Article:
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What is under there?!

Can someone tell me what to expect and prepare and tell me just to go for it!? So we bought our first "new" house and from the deed I found in the creepy basement I know that it was built in 1893. So we are slowly updating and minor renovations room by room. I absolutely hate the carpet (besides the obvious gross factors) it's horrible to have in the dining room which is right of the ten by ten kitchen-where we enter the house. So at the moment the dining room is half playroom,mud room and storage :)
I really want to rip out the carpets and see what is going on under neath it. I peeled it back around the register and I don't know what to think. It seems to be unfinished? I don't know the gaps seem kind of large from the small spot I seen. There is a very bad slope on one side of the room, not sure what that will be like either!
My other concern is if and when we do this-should I be concerned about mold,asbestos etc etc...I will be sending our toddler to grandmas for this project some weekend regardless.

30 comments
  • Marion Nesbitt
    Marion Nesbitt Canada
    on Jan 20, 2015

    Underside boards look much wider than those in your dining room. The wider bottom ones, I think, are the base for the more narrow top ones. The top ones are probably the original wood floors. The gaps don't seem that large to me. These occur over time as the wood dries out. I'd strip out the carpet as you don't like it anyway to check on condition. Hopefully, the floors are in decent shape or can be repaired without too much labour. If so, I'd clean them up, maybe add a bit of stain, and then poly. Gaps can be filled with coloured wood filler if they bother you. Or you can mix sawdust, glue and some stain and use that. If there are stains, then I'd work with that colour for the floor stain.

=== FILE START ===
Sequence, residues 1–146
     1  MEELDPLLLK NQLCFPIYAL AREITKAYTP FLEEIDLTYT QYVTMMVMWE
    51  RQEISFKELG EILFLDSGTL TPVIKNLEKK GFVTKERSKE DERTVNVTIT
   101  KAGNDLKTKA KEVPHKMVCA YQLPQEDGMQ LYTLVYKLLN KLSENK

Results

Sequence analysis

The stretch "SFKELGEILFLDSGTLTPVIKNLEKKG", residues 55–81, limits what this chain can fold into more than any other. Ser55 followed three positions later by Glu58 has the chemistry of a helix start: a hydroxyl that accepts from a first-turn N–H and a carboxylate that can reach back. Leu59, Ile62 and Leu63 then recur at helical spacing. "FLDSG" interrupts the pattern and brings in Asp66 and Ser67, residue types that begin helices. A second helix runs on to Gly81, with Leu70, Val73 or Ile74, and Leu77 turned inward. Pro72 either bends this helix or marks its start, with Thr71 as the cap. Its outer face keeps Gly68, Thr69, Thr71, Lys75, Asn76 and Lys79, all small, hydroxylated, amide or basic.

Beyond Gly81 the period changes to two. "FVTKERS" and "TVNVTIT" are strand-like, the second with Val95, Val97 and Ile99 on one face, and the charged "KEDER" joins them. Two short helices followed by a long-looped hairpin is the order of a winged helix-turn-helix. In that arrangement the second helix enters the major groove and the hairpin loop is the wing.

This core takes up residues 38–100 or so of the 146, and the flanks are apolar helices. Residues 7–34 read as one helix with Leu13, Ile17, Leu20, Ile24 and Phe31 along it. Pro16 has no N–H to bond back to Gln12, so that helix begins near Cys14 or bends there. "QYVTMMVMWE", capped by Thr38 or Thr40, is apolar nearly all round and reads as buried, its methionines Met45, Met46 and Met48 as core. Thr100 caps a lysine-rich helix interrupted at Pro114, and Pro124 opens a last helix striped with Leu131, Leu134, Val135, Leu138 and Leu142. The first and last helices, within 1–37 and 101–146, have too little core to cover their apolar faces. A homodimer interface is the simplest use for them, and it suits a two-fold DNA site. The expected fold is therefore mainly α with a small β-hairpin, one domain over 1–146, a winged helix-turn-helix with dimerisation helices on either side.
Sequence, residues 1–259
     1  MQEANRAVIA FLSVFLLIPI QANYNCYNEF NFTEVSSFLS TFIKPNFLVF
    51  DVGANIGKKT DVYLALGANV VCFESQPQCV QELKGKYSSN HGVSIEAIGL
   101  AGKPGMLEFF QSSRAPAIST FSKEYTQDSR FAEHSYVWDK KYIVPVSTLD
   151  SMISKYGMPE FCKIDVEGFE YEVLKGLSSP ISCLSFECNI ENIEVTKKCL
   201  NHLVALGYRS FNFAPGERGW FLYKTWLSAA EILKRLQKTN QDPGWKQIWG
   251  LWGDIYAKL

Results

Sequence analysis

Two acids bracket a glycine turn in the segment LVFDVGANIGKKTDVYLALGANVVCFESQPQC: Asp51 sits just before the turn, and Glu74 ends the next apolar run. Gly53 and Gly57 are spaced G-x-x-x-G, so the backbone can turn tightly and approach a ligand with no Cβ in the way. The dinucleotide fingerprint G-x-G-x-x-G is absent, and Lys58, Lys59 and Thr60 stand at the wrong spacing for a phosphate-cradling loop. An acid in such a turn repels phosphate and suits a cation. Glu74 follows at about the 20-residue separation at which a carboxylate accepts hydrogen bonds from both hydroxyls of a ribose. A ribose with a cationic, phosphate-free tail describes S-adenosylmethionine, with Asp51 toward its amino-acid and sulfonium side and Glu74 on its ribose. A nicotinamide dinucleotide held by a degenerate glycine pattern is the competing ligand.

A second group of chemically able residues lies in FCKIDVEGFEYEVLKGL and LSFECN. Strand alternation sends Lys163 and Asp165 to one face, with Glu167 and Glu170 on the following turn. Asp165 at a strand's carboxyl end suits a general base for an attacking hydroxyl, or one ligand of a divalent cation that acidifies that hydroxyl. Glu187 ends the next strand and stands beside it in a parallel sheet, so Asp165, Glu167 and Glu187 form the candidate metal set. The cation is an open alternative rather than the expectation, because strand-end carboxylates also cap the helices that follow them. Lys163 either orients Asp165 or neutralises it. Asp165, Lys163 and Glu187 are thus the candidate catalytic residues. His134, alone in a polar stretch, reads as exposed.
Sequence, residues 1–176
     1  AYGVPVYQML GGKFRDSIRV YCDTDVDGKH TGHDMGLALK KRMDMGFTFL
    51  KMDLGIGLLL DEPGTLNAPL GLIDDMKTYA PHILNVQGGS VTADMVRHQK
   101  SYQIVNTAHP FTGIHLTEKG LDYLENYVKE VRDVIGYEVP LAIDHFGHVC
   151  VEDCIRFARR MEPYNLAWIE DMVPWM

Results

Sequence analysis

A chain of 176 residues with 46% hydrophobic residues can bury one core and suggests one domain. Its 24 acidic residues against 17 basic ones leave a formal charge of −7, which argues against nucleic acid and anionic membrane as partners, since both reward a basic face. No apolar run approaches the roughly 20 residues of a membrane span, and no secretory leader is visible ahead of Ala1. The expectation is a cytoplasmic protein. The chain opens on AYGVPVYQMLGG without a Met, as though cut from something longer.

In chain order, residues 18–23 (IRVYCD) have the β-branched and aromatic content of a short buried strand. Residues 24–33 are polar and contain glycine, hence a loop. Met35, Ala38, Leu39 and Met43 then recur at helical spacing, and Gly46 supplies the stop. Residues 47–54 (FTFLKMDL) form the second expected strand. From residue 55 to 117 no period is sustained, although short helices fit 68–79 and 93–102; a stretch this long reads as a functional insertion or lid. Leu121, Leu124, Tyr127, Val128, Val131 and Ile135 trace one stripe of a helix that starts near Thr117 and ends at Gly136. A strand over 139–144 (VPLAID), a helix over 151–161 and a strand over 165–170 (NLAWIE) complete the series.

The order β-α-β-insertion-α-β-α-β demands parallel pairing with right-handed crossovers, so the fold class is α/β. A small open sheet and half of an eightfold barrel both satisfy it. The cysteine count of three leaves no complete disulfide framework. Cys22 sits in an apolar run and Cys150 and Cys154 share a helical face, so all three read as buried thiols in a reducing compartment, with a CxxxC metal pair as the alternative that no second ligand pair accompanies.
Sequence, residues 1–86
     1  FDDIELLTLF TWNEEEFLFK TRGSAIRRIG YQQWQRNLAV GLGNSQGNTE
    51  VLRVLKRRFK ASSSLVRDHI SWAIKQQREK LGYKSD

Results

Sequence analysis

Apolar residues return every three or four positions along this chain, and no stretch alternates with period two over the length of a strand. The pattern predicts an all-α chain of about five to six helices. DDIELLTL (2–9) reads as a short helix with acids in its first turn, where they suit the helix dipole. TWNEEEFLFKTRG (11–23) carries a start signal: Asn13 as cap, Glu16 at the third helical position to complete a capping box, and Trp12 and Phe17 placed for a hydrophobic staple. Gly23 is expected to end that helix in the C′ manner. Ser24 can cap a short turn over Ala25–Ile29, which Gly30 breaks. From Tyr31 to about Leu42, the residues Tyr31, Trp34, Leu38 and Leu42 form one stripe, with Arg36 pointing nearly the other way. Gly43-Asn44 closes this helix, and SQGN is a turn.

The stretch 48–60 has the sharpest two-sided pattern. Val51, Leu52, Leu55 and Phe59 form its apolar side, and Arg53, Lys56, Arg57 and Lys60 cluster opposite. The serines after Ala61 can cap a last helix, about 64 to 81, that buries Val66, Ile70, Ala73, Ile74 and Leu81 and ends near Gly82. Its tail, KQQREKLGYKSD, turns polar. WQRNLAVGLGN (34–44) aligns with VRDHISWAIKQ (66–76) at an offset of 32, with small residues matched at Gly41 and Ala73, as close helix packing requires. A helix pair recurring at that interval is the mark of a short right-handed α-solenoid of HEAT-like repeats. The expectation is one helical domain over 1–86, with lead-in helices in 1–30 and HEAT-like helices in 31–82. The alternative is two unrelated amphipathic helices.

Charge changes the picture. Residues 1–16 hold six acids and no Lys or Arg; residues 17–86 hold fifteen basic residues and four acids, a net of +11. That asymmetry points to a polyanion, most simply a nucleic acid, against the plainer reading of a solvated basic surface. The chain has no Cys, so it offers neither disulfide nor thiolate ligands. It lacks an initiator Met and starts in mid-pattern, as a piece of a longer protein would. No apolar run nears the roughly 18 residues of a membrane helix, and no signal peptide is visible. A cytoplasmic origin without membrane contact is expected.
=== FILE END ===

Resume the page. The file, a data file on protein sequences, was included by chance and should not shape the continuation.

• Woodbridge Environmental Tiptophouse.com
    Woodbridge Environmental Tiptophouse.com Colonia, NJ
    on Jan 20, 2015

    I would agree with Marion Nesbitt on this. You have wood floors, the type of wood depends upon when it was installed and what wood was growing in the area as many older homes utilized wood species that was harvested in the area where the homes were built.

  • Simply Vintageous...by Suzan
    Simply Vintageous...by Suzan Canada
    on Jan 20, 2015

    Totally agree with Marion - Btw - I just went through this - it's the most disgusting job on the planet lol - we ripped up 2 layers of carpeting and 2 layers of linoleum - horrible - but worth it !

  • Stacy@BlakeHillHouse
    Stacy@BlakeHillHouse Rochester, NY
    on Jan 20, 2015